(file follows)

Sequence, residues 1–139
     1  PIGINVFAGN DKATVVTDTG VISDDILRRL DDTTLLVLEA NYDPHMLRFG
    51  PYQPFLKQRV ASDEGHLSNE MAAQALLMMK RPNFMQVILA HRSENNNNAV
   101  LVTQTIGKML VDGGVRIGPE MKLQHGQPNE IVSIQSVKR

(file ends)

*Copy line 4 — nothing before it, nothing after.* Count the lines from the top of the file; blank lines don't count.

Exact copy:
   101  LVTQTIGKML VDGGVRIGPE MKLQHGQPNE IVSIQSVKR